Improving the serialization engine

Optimizing the performance and memory allocations is a continuous project that we try to keep in mind while doing minor releases. For the next upcoming release (5.12), we decided to focus on taking a look at the serialization engine in Catel. There are a few pain points we’d like to address:

  1. Performance
  2. Memory allocations
  3. Re-using objects using graph ids

Xml serialization

We’ll focus on the XmlSerializer first, but any code written in the serializer base will benefit all serializers. The current version of Catel uses XDocument (and internally sometimes falls back to XmlWriter / XmlReader and turns that into XElement again). This is a bit heavy and it has always been on the backlog to convert this to a forward-only, non-cached version using only XmlWriter and XmlReader.

We currently have a feature branch with the improved XmlSerializer implementation and seeing very promising results so far.

Performance

The serialization engine in Catel is built specifically for Catel with ease and customization in mind. This means that it’s not the best performing serialization engine available. For most use cases that’s perfectly fine, and it’s not our goal to write the fastest serialization engine in the world.

We are currently evaluating the method call stacks during (de)serialization, trying to make the serialization engine more performant than it is at the moment. By replacing the XDocument serialization by direct XmlWriter / XmlReader, we were able to achieve about 50 % improvement in performance. The results below, from the Catel.Benchmarks project, show a complex, 3 levels deep serialization and deserialization of objects:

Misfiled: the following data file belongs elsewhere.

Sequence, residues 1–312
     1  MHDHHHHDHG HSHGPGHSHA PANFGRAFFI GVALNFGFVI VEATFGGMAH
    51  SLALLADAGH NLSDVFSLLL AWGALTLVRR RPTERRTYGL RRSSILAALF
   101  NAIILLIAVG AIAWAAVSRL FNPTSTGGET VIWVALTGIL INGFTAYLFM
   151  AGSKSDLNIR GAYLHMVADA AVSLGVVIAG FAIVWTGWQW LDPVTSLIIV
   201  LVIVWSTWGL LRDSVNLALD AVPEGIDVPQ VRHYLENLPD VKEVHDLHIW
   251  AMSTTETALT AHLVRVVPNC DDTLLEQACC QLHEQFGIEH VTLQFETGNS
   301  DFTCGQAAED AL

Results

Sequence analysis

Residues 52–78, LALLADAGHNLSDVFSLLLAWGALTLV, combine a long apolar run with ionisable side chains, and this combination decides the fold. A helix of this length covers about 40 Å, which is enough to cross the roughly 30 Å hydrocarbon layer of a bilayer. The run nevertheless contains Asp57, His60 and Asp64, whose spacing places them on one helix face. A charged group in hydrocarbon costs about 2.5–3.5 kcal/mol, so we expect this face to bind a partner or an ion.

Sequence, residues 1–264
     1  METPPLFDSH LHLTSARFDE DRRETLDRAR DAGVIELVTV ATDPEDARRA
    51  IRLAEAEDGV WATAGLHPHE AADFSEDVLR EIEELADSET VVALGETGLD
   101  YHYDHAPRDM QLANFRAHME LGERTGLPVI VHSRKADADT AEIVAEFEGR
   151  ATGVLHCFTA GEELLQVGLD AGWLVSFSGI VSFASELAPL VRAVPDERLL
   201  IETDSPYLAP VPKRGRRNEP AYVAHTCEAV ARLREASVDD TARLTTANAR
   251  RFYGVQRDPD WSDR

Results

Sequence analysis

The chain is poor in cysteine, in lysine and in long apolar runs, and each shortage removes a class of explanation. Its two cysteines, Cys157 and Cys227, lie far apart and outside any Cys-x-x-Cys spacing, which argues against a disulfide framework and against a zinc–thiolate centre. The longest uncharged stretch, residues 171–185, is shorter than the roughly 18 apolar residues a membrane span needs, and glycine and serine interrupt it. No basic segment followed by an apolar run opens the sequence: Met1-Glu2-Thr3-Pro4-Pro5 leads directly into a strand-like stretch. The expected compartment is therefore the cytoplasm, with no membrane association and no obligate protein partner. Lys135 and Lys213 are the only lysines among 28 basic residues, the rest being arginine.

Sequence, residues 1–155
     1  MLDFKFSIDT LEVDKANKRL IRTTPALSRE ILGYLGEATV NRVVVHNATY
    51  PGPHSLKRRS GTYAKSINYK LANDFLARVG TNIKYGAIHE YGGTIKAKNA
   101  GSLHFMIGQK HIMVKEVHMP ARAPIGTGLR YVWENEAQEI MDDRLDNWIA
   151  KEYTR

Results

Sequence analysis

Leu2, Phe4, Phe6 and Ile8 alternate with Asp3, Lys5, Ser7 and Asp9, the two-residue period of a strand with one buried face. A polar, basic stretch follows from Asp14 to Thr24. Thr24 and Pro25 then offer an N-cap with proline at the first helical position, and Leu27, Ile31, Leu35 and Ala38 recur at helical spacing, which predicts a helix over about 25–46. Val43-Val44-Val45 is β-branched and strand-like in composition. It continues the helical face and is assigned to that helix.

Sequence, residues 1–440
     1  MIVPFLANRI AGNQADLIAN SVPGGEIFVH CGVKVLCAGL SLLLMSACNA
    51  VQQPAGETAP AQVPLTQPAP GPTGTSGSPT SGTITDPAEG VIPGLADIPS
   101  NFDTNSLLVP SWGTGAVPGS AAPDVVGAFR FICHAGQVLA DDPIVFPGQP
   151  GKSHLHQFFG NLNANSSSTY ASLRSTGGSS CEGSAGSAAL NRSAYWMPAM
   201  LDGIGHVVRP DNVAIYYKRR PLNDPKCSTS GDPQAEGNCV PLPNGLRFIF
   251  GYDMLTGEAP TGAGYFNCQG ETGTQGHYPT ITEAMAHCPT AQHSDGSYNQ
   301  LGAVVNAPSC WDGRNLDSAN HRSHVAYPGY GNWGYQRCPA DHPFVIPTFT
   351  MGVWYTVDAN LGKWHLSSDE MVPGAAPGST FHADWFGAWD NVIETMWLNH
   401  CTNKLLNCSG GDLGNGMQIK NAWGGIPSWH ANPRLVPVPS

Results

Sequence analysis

Memory allocations

Because the property bag inside the ModelBase is basically just a Dictionary<string, object>, every value type needs to be boxed. We were already aware of this, but decided to take a better look at this. During our research, we found out that every boxed value has a separate memory allocation (even if it’s representing the same value). In the upcoming release, we added generic methods to the ModelBase:

  • SetValue<TValue>(string, TValue)
  • GetValue<TValue>(string)

These methods will use the BoxingCache to make sure that it re-uses the boxed values of the most used value types, resulting in less memory usage. In one of our bigger test models, after deserializing we went from 9000 (9K) boxed bool values to 300 boxed bool values.

Note that we also updated Catel.Fody in order to pick the best SetValue<TValue> call automatically based on the version of Catel it’s used against.

This, combined with the memory improvements in the XmlSerializer, show an amazing memory allocation decrease of 84 %. The results below, from the Catel.Benchmarks project, show a complex, 3 levels deep serialization and deserialization of objects:

We will be continuously trying to improve the memory allocation behavior of Catel, even in minor releases.

Re-using objects using graph ids

Catel already supported re-using objects inside the serialization graph. Unfortunately, Catel uses the default .NET DataContractSerializer for collections. In the upcoming release, we’ve added explicit support for collections implementing List<T> so these support graph ids as well. This way it’s possible to generate very large, circular graphs re-using the same data with Catel:

<People xmlns:arr=”http://schemas.microsoft.com/2003/10/Serialization/Arrays” graphid=”3056″>
<Person graphrefid=”912″ />
<Person graphrefid=”914″ />
<Person graphrefid=”916″ />
<Person graphrefid=”918″ />
<Person graphrefid=”920″ />
<Person graphrefid=”922″ />
<Person graphrefid=”924″ />
<Person graphrefid=”926″ />
<Person graphrefid=”928″ />
<Person graphrefid=”930″ />
<Person graphrefid=”932″ />
<Person graphrefid=”934″ />
<Person graphrefid=”936″ />
<Person graphrefid=”938″ />
<Person graphrefid=”940″ />
<Person graphrefid=”942″ />
<Person graphrefid=”944″ />
<Person graphrefid=”946″ />
</People>